The Earnings Premium for low-income students was calculated using College Scorecard data and Census PUMS files. The College Scorecard dataset contains the median earnings of students working and not enrolled 10 years after entering college, in 2020 inflation-adjusted dollars, in the lowest income tercile $0-$30,000, for each institution. From the Census PUMS files, the median person earnings for high school graduates (or GED/equivalency) between the ages of 25 and 34, adjusted to 2020 dollars, can be calculated for Puerto Rico, each of the 50 states, and the District of Columbia. The Earnings Premium is then calculated as the median earnings of low-income students 10 years after entry minus the median earnings of a high school graduate ages 25 to 34 in the same location.

The percentage of undergraduate students awarded Pell Grants is provided for each institution in the College Scorecard dataset. In order to accurately aggregate the percentage of Pell students for multiple institutions — such as all institutions in Puerto Rico or another location — the IPEDS Student Financial Aid file was used. IPEDS provides the number of undergraduate students awarded Pell grants, as well as the total number of undergraduates in the financial aid cohort for each institution. These numbers were also validated with the College Scorecard’s values for each institution.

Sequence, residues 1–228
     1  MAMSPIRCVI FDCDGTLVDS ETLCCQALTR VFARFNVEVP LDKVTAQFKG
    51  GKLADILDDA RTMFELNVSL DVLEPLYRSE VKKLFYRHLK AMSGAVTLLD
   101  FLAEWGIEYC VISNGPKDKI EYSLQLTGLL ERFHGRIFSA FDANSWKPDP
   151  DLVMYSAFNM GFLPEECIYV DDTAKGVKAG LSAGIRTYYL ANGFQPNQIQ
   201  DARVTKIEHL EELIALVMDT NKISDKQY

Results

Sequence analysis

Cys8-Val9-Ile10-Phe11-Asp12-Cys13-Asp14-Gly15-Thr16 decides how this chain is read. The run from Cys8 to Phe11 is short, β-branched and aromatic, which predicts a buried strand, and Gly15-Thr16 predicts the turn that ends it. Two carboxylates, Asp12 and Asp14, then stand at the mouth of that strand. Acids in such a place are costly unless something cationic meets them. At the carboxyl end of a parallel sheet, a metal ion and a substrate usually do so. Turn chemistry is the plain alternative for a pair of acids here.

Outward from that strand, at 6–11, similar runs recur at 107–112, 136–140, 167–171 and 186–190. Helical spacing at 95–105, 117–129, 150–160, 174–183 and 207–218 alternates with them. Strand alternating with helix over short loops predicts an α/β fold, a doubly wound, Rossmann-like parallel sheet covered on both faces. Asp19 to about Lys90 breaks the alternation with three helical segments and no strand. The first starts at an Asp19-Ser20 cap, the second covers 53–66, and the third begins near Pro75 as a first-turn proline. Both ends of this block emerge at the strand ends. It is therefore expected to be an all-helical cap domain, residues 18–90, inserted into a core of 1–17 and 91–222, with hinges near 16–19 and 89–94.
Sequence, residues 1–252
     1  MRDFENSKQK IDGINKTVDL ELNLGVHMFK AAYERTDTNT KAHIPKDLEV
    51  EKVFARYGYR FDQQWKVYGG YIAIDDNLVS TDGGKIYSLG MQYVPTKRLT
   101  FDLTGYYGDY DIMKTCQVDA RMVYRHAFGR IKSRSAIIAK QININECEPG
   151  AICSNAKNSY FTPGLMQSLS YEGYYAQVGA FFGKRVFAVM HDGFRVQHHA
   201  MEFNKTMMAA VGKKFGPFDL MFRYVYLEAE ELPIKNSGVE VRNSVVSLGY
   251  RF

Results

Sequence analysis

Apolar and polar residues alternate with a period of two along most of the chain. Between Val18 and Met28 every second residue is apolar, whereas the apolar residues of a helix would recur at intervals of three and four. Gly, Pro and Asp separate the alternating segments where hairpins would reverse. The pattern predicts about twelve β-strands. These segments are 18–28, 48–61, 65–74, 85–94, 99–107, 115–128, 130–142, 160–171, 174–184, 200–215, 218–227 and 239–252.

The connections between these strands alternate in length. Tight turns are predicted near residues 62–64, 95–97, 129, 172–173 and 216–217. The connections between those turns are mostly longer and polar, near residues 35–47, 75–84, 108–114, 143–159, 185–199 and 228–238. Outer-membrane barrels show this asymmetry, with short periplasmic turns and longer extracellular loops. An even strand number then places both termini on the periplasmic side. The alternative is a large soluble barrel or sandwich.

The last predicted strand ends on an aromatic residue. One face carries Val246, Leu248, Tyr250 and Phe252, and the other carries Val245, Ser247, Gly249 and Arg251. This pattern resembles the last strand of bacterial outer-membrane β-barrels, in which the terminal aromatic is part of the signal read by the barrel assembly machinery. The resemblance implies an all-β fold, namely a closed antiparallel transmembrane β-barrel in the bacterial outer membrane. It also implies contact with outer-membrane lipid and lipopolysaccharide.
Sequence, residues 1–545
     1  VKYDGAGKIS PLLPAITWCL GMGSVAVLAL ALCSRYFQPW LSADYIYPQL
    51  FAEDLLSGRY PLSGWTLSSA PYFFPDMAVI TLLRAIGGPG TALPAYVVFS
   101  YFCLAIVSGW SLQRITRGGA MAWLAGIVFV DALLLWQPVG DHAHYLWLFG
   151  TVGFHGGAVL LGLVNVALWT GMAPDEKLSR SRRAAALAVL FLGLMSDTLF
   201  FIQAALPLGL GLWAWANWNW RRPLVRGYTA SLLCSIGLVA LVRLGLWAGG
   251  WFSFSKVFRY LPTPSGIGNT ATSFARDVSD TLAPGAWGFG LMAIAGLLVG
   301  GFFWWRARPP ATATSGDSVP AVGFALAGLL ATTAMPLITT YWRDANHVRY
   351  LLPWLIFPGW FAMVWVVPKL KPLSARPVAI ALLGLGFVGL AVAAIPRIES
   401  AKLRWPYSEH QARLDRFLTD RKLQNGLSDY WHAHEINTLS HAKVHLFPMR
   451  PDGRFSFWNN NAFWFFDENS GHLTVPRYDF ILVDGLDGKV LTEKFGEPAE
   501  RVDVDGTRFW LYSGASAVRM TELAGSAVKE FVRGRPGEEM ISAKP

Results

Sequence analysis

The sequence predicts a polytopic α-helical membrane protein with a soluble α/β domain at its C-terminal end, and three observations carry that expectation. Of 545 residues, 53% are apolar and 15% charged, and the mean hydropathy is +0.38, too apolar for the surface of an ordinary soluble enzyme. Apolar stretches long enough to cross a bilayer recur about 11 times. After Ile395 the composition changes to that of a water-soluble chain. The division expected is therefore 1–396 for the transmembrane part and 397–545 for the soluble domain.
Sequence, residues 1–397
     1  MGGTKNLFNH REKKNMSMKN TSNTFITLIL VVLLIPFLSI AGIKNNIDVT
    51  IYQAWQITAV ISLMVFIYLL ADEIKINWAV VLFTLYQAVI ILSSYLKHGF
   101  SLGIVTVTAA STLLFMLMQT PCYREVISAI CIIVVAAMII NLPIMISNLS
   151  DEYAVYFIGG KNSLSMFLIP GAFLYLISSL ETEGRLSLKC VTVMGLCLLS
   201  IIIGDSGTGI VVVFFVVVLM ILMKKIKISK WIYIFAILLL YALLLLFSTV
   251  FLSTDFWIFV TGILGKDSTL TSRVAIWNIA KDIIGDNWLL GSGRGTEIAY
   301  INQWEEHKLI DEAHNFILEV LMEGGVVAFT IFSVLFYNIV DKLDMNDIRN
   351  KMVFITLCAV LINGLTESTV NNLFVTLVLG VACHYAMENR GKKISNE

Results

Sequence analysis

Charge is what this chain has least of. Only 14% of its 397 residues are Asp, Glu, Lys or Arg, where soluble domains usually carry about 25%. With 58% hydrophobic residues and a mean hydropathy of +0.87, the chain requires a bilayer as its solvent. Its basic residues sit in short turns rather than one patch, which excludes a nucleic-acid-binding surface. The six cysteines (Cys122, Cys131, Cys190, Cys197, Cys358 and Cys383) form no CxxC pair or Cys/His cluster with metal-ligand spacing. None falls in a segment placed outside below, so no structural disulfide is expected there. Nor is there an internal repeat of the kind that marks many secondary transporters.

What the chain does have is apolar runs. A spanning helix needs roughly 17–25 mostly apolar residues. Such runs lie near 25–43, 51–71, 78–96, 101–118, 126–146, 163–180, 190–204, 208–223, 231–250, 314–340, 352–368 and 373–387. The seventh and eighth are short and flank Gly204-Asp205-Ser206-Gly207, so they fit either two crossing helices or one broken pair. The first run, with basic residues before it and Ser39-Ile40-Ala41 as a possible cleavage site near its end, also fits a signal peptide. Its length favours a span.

The College Scorecard also provides the net annual price for low-income students ($0-$30,000 family income), for public and private not-for-profit institutions. It is calculated from the average annual total cost of attendance minus the average grant/scholarship aid, for all full-time, first-time, degree/certificate-seeking undergraduates who receive Title IV aid.

[1] HSIs are defined in federal legislation as accredited, degree-granting public or private nonprofit institutions of higher education with 25% or more total undergraduate Hispanic full-time equivalent (FTE) student enrollment. Summary of Title V of the Higher Education Act, as amended in 2008.